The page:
FIG. 16 is a schematic diagram of monitored operating conditions.

FIG. 17 is a schematic diagram of a plurality of wind generators operated by a single control system utilizing a plurality of weather condition monitoring locations.

DESCRIPTION OF AN EMBODIMENT

The Invention is a wind turbine electrical generator for use in low wind conditions.

As shown by FIGS. 1-3, the wind turbine of the Invention features a tower 2 and a wind turbine rotor 4 supported by the tower 2 above the surface of a ground 6. The wind turbine rotor 4 has an axis of rotation 8 and is of the horizontal upwind type; that is, the axis of rotation 8 is generally horizontal with respect to the Earth and the wind turbine rotor 4 is located upwind of tower 2. The Invention also may be applied to horizontal downwind-type wind turbines.

The wind turbine rotor 4 includes turbine blades 12 and is configured to rotate in direction 9 in response to a wind 10. The wind turbine rotor 4 has a first position, illustrated by FIGS. 1 and 2, and a second position, illustrated by FIG. 3. In the first position, also referred to herein as the ‘deployed position,’ wind turbine blades 12 are radially arrayed about a hub 14 and configured for rotation in response to wind 10. In the second position, also referred to herein as the ‘moored position,’ wind turbine blades 12 are folded about a mooring hinge 16. The folded turbine blades 12 are moored to a cradle 18 that is attached to tower 2. The folded turbine blades 12 are retained in the cradle 18 by clamps 20.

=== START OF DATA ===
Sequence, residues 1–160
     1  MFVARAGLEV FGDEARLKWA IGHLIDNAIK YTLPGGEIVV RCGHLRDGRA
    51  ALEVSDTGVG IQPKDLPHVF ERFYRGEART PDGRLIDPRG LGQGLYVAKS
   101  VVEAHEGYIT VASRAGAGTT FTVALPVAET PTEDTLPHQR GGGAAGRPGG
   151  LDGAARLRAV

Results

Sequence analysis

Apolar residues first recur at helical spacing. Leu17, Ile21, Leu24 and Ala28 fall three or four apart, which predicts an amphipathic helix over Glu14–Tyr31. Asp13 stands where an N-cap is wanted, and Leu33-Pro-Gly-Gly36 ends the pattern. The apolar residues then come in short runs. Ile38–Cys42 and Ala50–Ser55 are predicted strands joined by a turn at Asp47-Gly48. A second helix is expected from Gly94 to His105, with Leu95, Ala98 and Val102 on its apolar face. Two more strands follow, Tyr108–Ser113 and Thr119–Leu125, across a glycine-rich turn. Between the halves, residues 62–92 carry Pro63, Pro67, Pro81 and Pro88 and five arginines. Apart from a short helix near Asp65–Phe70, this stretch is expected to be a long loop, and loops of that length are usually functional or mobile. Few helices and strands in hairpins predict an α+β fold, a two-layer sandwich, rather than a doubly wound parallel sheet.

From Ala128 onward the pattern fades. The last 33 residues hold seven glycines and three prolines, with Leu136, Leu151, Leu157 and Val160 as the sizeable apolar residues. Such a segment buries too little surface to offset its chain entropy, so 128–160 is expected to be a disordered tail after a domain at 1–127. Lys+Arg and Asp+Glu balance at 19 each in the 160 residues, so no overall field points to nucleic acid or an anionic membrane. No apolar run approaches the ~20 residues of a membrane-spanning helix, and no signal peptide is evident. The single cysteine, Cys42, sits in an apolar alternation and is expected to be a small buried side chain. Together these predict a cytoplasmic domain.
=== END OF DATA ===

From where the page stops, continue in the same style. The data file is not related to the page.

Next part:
As shown by FIG. 4, the wind turbine includes a nacelle 22 supported at the top of tower 2 by upper and lower yaw bearings 24, 26. Upper and lower yaw bearings 24, 26 allow nacelle 22, and hence axis of rotation 8, to rotate about a vertical yaw axis 27. Rotation of nacelle on yaw bearings 24, 26 about vertical yaw axis 27 allows axis of rotation 8 to be directed into the wind 10. Lower yaw bearing 26 is annular and is arrayed around tower 2 between the ground 6 and upper yaw bearing 24. A pair of struts 38 attaches the lower yaw bearing 26 and the nacelle 22 between upper yaw bearing 24 and rotor 4. Struts 38 transfer a portion of the load imposed by rotor 4, hub 14 and nacelle 22 to the lower yaw bearing 26. Struts 38 and lower yaw bearing 26 relieve upper yaw bearing 24 of the very high local loads resulting from the cantilevered weight of the rotor 4, nacelle 22, and associated structures.

Cradle 18, shown by FIGS. 2, 3 and 4, receives blades 12 when the blades 12 move from the first position to the second position. Clamp 20 secures blades 12 within cradle 18. Clamp 20 has a released position illustrated by FIG. 4 and a clamped position illustrated by FIG. 3. In the clamped position, the clamp 20 secures blades 12 within cradle 18. In the released position, clamps 20 do not engage blades 12. In the released position, blades 12 are supported by cradle 18 but are not secured to cradle 18.